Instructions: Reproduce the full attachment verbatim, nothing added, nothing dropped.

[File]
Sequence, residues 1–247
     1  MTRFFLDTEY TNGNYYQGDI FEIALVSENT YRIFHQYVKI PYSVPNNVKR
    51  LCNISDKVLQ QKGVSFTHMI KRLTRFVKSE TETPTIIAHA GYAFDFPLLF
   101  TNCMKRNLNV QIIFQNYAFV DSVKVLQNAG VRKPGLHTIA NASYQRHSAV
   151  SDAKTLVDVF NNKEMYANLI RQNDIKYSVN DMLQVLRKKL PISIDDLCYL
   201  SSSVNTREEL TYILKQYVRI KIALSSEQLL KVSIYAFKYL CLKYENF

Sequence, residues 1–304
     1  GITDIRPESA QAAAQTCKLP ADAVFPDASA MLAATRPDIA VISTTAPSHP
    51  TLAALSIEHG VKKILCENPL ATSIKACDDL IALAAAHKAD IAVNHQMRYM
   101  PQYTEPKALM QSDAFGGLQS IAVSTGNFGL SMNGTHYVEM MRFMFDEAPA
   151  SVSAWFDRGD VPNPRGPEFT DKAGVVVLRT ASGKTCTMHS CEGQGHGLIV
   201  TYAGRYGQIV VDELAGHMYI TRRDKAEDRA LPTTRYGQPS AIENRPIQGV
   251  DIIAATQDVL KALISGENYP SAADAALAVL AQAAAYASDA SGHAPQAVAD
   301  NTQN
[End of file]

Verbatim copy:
Sequence, residues 1–247
     1  MTRFFLDTEY TNGNYYQGDI FEIALVSENT YRIFHQYVKI PYSVPNNVKR
    51  LCNISDKVLQ QKGVSFTHMI KRLTRFVKSE TETPTIIAHA GYAFDFPLLF
   101  TNCMKRNLNV QIIFQNYAFV DSVKVLQNAG VRKPGLHTIA NASYQRHSAV
   151  SDAKTLVDVF NNKEMYANLI RQNDIKYSVN DMLQVLRKKL PISIDDLCYL
   201  SSSVNTREEL TYILKQYVRI KIALSSEQLL KVSIYAFKYL CLKYENF

Sequence, residues 1–304
     1  GITDIRPESA QAAAQTCKLP ADAVFPDASA MLAATRPDIA VISTTAPSHP
    51  TLAALSIEHG VKKILCENPL ATSIKACDDL IALAAAHKAD IAVNHQMRYM
   101  PQYTEPKALM QSDAFGGLQS IAVSTGNFGL SMNGTHYVEM MRFMFDEAPA
   151  SVSAWFDRGD VPNPRGPEFT DKAGVVVLRT ASGKTCTMHS CEGQGHGLIV
   201  TYAGRYGQIV VDELAGHMYI TRRDKAEDRA LPTTRYGQPS AIENRPIQGV
   251  DIIAATQDVL KALISGENYP SAADAALAVL AQAAAYASDA SGHAPQAVAD
   301  NTQN